The Surgeon’s Homecoming
Trauma surgeon Mark Chambers never expected to see family physician Diana Guthrie again after she turned her back on their love and went back to their home town in northern Ontario. But when her father, the only surgeon in the area, is injured, Mark, who happens to be home for his brother’s wedding, is persuaded to pitch in. Soon, he’s not only healing Cooper’s Crossing, but it seems he and Diana might be able to rekindle what they once had. But can he ever forgive her when he discovers the real reason she left him?
Read an excerpt …
“The accident occurred on Highway 11 approximately four miles south of Cooper’s Crossing. The eighteen-wheeler was carrying a load of lumber to Toronto when it lost control and jack-knifed, resulting in a six-car pile-up. The highway will remain closed while police continue their investigation.” The radio announcer’s voice broke off and a jingle advertising the advantages of using Summer Day Sunblock filled the interior of the Blazer.
Dr. Diana Guthrie turned off the windshield wipers and slid the gearshift into park almost before she’d stopped the SUV at the side of the rain-slicked highway. She threw the door open and slid out, grabbing her black medical bag and a plastic container of first aid supplies from the back seat. Squinting into the darkness, she quickly assessed the accident scene.
John Dougherty, an Ontario Provincial Police officer stationed in Haileybury, was crouched on the soft shoulder, a puddle pooling beneath his shoes. Rain glistened on his yellow vinyl slicker. Diana lowered her head against the onslaught of rain and wind and raced across the road. She came to a stop beside him. “Hi, John. What’ve you got?”
He looked up. Water trickled from the brim of his cap. “Hi, Diana,” he replied. “Lots of property damage. A few personal injuries. It could have been a lot worse.” Then, setting the last flare in place on a slight rise, he straightened and turned towards her. “Why didn’t you put on a raincoat?”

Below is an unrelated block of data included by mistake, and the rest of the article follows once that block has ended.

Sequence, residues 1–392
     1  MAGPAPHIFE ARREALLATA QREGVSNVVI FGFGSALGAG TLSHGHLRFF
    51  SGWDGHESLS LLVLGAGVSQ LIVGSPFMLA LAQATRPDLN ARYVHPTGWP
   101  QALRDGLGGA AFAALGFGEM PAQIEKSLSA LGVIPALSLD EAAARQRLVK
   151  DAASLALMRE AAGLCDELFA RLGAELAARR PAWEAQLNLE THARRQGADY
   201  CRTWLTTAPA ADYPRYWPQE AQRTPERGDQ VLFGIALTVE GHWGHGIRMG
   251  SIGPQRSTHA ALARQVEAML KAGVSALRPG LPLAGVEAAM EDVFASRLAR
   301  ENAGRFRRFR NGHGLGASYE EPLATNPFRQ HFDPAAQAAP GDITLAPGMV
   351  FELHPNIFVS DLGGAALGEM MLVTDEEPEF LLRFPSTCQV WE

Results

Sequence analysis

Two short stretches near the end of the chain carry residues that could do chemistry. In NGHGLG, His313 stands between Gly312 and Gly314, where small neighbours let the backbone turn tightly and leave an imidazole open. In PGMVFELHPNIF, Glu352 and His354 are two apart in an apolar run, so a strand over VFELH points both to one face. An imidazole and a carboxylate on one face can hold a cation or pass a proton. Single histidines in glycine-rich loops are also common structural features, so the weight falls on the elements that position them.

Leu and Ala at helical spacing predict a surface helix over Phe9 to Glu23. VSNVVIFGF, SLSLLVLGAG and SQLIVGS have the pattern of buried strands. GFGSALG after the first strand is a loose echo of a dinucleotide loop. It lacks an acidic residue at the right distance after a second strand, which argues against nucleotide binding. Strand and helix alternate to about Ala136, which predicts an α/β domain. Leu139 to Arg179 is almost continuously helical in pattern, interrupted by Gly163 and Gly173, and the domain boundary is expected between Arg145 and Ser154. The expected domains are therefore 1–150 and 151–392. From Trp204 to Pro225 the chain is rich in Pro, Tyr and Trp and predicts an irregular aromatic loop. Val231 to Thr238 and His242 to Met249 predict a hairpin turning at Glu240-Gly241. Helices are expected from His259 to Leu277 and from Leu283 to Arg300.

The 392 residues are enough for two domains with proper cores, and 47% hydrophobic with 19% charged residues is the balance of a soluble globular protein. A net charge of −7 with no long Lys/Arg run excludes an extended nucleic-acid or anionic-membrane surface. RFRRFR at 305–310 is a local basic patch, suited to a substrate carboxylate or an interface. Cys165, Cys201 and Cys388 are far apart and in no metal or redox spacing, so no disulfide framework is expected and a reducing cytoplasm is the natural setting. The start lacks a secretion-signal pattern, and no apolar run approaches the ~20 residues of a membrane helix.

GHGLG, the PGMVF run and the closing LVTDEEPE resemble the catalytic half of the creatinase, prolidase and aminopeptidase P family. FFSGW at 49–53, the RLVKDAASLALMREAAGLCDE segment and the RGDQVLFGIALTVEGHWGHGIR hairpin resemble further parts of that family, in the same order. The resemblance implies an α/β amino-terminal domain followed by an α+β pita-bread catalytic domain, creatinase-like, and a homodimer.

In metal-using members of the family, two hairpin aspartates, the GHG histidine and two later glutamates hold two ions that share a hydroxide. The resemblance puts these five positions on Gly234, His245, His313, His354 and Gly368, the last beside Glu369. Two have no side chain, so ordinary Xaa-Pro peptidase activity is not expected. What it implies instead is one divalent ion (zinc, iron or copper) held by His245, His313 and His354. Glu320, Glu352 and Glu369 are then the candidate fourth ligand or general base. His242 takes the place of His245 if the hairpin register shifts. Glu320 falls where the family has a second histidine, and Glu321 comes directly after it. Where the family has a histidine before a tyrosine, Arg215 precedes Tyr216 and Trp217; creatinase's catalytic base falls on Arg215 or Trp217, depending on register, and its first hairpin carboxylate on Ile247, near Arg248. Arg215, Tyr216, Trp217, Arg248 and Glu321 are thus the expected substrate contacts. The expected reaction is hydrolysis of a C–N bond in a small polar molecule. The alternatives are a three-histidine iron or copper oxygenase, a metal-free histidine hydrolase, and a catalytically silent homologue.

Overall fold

“I couldn’t find it.”
“You’re going to get wet.”
Diana grinned. Going to get wet? That was an understatement. Already the rain had soaked through her dark blue sweat pants and matching zippered jacket. The white T-shirt she was wearing underneath clung to her skin. Rain dripped from her short blonde hair into her eyes and down her nose. She shivered. “I won’t melt. Now what’s going on?”
“The truck slid on the wet curve,” he said, indicating a transport truck on its side a few hundred feet away, the trailer end sprawled across the highway, blocking both lanes. Tendrils of steam, or possibly smoke, curled into the air. The windshield was shattered, and the passenger door of the cab was open.
“What about the driver?” she asked.
“Not a scratch,” John replied.
Diana surveyed the scene. The guardrail a few yards from the rear wheels of the truck was crumpled. “He’s lucky he didn’t go over the side into the ravine,” she commented.
Around the overturned eighteen-wheeler, several other vehicles dotted the road. Two fire trucks were parked in the distance, their flashing red lights reflecting off the wet asphalt and arcing through the night sky.
John nodded in agreement. “It caused a chain reaction. There haven’t been that many cars on this road at the same time in months. But it’s the Victoria Day weekend, and you know how this stretch of highway gets at this time of year, especially when it’s raining.”
Yes, Diana knew exactly how dangerous this road could be. Too many times over the years, cars had failed to negotiate the curve when they were going too fast. She’d dealt with the results in the emergency room more times than she could count.
“How many injured?” she asked, heading towards a group of people huddled beneath the bridge overhang.
John walked along with her. “Seven so far. Bumps and bruises mostly. Looks to me like one might be more serious, but then I’m no doctor.”
No, Diana thought, John didn’t have a medical degree, but he’d been a police officer long enough to be able to offer an educated guess when it came to the severity of injuries victims sustained in auto collisions. She had no hesitation in trusting his judgment.
“There’s a couple of people trapped in one of the cars,” he went on. “I haven’t spoken to them personally, but the fire department is working on extricating them now. According to one of the firefighters, the occupants are conscious and don’t seem to be in any distress. The driver says his arm is broken, but the passenger denies any injuries.”
“Okay, let’s get to work,” she said, taking a step towards the accident scene. “Can you triage the victims for me?”
“I’ll do it.”
The voice came from behind, husky, sensual, yet filled with confidence. It flowed over her, trapping her in its spell. Her heart began to hammer against her ribs and her knees suddenly threatened to collapse under her.